Bruce Stockley, Head of Fisheries, Westcountry Rivers Trust


Two years after retiring as Secretary, I was elected Chairman of SWRA at the AGM in April, succeeding Henry Llewllynwho had been in the chair since Humphrey Wood’sretirement in 2011. During those two years I have been amember of the Angling Trust’s group advising theEnvironment Agency and Defra on the new byelaws

affecting angling and netting (see below). Looking forward I will be proposing changes to the way SWRA operates with a key focus on specific campaigns and more effective use of our limited resources. None of this will reduce the support that the association gives to individual rivers, including the Taw, where I now have a direct interest through a rod on the Hall Water.

New Byelaws

In December Secretary of State, Michael Gove MP, confirmed new byelaws aimed at reducing exploitation of salmon. This followed extensive consultationafter the Salmon Summit in 2015 and the launch of the EA’s Five PointApproach to Restoring Salmon Stocks in England. The outcome met most of theconcerns raised by rod fishing interests, including Angling Trust’s Angling Advisory Group which included SWRA. The key points are:

 Acceptance by the EA and Defra that anglers and their representatives are best placed to deliver voluntary conservation measures. This was a


key achievement by Angling Trust against pressure from those who

wanted further mandatory controls on angling.

  •   An immediate end to most licensed salmon netting, which included all

    South West rivers.

  •   Mandatory 100% catch and release of all rod caught salmon on every

    river where the stock is assessed as being ‘At Risk’ of failing its Conservation Limit and on smaller rivers regarded as ‘Recovering’. In the South West the only ‘At Risk’ river is the Yealm, and the RecoveringRivers include Allen, Seaton, Fal, Lerryn, Looe, Par, Looe Porth (all in Cornwall), Otter, Sid (both in Devon), and Brit (Dorset).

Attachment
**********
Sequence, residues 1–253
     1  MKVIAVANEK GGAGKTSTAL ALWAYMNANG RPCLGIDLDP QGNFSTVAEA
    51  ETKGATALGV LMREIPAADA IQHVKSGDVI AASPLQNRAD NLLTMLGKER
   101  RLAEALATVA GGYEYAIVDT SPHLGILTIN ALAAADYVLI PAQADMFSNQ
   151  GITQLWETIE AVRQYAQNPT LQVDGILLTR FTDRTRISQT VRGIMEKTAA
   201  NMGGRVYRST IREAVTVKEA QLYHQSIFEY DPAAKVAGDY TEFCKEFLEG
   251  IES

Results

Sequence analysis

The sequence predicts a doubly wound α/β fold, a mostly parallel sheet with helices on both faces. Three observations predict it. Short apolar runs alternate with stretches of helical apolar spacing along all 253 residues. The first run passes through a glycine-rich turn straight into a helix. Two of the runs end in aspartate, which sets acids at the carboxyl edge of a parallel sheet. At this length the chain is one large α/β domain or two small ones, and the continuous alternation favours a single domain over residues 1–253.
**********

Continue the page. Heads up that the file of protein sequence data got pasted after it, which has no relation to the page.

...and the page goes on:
•   Continuation of the ban on killing any rod caught salmon before 16 June.
  •   Restriction to artificial fly and bait only before 16 June.

    However the EA and Defra are committed to a further review

    of the need for mandatory rod fishing measures in 2020 based on levels of catch and release achieved in 2019 with an expectation that they will be at least 90%.

    The implication for us all is clear –
    treat every salmon as a potential contributor to our sport.

    Angling Trust, supported by SWRA, is now applying pressure

    on the EA to focus on the other parts of the Five Point Approach, including abstraction, pollution, predation and barriers to migration. This is in the context of widespread acceptance that angling is not the main cause of declining salmon numbers, a fact acknowledged by the EA and Defra. We are also pressing for a better method of stock assessment which currently relies too much on rod catch returns – Alex Gibson’s ‘Beat Surveys’ demonstrate howunreliable the EA’s catch returns are.

    Final Thoughts: Neil Yeandle included the following in the SWRA 2019 Newsletter:

    ‘Reading ”Final Thought” in last year’s Newsletter little seems tohave changed – low salmon stocks and catches, reduced fishing effort and lack of younger anglers coming into the game fishing community– these factors seem common to the majority of our South West Rivers.

    In addition 2018 included the longest drought period, highest temperatures and lowest river levels for many years. Will 2019 bring more of the same and what can the SWRA and its members do about it? The individual Rivers Associations already do fantastic work to maintain and improve the salmon and sea trout stocks by specific habitat improvement – gravel-cleaning, easing fish passage, reducing over-shading in small spawning tributaries etc – and that will continue. What about the other factors I have mentioned?

Well, here are my top tips for 2019 – go fishing more, take a young angler with you, and although you may get some funny looks, do a rain dance at the same time!’

Roger Furniss. Chairman, South West Rivers Association

Spey Casts and Salmon: Remember your first salmon?

I have a very special memory of the feeling of the line pulling tight from my fingers and the steady thump, thump, thump of the salmon. I lifted the rod and felt the live weight of the fish. Pete slipped quietly into the water beside me with the net, offering encouragement and advice. Being married to a guide has its advantages. By now we could see that I had hooked a grilse of about five pounds. The strength of it was far more that I was expecting. I was starting to understand why salmon fishing can be so addictive even if the chances of success are often quite small.

Pete netted the fish, and after a quick photo to mark the occasion, I held it in the current until I felt it kick free. Of the two of us,I’m not sure who was more excited. It is a curious mix of relief and elation that accompanies catching a salmon. I have to admit

we both shed a little tear. It could so easily have never happened at all.

Despite my husband being a fly fishing guide I had never fished or had any real interest in fishing. I would occasionally join him on the river, as much to keep him company as anything else. I had played around with casting on the grasswhen he was practicing, but actually going fishing wasn’t something I thought Iwould enjoy.